While a therapist is a professional, not all therapist/patient relationships work out, and sometimes it is better to find the therapist that’s right for you. Plus, when you find your therapist, you can even learn what your therapists expect from you[2], and make your therapy even more productive.

4. I Can’t Help You Make Decisions

Relationship with their therapists

All therapists have probably had that patient that doesn’t exactly stick to the course. A therapist is there to help you work through your emotions or to keep your anxiety in check. They may not be the best person to help you choose between the two men that you’ve been seeing.

Patients begin to really develop a trusting relationship with their therapists. In fact, sometimes they begin to see them a confidant, or maybe even a friend, but this is where the trouble comes in.

While a therapist’s job may consist of many things, helping the patient make personal decisions isn’t usually on the agenda. Plus, if it happens once or twice, it may just become a habit.

5. I Know You’ll Be Back

Therapists can tell their patients if they think that they’re not ready to end their therapy sessions, but that doesn’t always mean that they will listen. However, a therapist knows when a patient isn’t ready, but they can’t force that next appointment.

Sometimes patients decide that they are finished with their treatment, regardless of the professional opinions of their therapists.

However, the great news about therapy is that a patient can always return. There are no cut-offs or time limits, and a therapist is always ready to help when a client is ready to resume treatment.

Patient and a Therapist

The relationship between a patient and a therapist is unique. It provides benefits to all involved, as long as boundaries are set, the work is put in and treatment doesn’t end prematurely.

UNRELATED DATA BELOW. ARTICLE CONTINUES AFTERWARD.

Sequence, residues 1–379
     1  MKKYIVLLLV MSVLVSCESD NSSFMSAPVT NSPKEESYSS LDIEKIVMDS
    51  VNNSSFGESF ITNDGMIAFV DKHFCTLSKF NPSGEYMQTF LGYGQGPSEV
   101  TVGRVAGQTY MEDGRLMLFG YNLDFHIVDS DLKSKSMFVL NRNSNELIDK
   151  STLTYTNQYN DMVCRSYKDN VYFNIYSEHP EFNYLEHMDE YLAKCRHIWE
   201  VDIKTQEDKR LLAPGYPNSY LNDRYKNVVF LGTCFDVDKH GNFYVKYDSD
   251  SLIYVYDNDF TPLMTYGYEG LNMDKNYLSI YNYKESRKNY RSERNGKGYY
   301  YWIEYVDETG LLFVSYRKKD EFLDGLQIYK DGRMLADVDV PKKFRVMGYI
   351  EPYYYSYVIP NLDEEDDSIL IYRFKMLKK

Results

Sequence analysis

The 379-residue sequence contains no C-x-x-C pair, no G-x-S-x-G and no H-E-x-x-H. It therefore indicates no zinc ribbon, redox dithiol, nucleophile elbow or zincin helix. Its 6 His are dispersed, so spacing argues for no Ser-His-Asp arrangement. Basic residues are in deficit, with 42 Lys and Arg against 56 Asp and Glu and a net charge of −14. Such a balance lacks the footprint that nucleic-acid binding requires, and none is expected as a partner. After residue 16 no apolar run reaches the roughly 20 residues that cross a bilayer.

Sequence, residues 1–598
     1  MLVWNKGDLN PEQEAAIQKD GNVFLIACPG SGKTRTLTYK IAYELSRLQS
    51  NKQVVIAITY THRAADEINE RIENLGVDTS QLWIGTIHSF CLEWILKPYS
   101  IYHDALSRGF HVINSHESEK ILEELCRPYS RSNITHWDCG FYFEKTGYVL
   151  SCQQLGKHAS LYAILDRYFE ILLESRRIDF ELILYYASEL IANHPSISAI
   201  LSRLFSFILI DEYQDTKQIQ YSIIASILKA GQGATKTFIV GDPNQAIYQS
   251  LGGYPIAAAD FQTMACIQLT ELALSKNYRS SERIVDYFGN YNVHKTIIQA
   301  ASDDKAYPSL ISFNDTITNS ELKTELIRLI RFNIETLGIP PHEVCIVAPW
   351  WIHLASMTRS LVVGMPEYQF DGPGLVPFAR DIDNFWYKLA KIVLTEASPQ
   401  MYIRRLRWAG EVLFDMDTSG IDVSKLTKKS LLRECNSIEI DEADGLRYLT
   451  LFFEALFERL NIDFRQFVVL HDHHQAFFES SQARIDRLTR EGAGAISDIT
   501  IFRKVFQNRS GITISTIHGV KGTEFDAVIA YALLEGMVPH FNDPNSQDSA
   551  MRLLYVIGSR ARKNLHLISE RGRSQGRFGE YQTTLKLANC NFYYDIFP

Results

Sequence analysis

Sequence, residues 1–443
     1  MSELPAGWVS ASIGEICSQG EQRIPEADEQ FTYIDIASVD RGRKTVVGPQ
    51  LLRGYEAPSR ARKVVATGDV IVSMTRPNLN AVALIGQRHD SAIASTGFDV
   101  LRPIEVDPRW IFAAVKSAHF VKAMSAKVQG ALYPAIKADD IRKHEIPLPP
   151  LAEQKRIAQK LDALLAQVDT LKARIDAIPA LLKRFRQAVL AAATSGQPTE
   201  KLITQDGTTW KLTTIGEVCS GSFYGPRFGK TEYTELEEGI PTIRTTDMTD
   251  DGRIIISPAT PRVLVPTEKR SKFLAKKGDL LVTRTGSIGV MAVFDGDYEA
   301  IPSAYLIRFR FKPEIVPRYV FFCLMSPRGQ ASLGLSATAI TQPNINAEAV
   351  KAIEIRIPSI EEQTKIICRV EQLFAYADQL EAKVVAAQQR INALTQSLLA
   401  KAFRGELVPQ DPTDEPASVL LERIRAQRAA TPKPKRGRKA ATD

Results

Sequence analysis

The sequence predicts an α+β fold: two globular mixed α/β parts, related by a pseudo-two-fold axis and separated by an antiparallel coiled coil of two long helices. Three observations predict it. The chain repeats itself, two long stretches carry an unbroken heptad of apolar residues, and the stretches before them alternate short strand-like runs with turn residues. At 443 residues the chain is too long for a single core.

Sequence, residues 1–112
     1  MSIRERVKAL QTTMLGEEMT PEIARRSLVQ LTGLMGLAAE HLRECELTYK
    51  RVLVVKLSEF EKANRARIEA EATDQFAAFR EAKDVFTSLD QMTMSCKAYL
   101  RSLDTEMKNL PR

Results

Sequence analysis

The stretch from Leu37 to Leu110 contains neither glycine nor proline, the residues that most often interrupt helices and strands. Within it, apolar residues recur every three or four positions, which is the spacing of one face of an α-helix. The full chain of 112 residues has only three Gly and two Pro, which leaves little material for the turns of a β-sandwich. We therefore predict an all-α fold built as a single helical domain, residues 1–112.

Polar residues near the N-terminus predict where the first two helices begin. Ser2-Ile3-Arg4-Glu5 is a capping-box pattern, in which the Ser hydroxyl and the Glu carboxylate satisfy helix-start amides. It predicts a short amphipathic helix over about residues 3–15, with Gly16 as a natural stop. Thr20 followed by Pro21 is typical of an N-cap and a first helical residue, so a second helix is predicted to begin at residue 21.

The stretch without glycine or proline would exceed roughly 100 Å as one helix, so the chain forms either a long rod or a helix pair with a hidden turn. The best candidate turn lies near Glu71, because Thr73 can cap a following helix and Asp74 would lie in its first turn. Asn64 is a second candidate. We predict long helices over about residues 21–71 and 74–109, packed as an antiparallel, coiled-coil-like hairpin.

When choosing a therapist, keep in mind that things that are important to you. Would you like to have a therapist with a modern practice[3], utilizing today’s technology for your benefit? Can you see your therapy goals as long-term?

Above all, just be sure to give your treatment the time and attention that it deserves. After all, this is YOUR positive outcome.

References

[1] https://mentegram.com/blog/evolution-therapy-3-big-changes-implementing-better-mental-health-practices/?utm_source=guestpost
[2] https://www.pickthebrain.com/blog/5-things-therapist-love/?utm_source=Mentegram
[3] https://themighty.com/2017/06/mental-health-therapy-technology/?utm_source=Mentegram

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Author

Expert Author : Angela Ash (Consumer Health Digest)

Angela Ash is a professional writer and editor, specializing in health and self-growth topics. Her additional related content may be found at Mentegram. Angela is also the Content Manager for Mentegram, a mental healthcare technology company that is bridging the gap between patients and their therapists. They have helped over 200 therapists provide better care to more than 1,500 patients. You can find Angela on her website and follow her on Facebook, Linkedin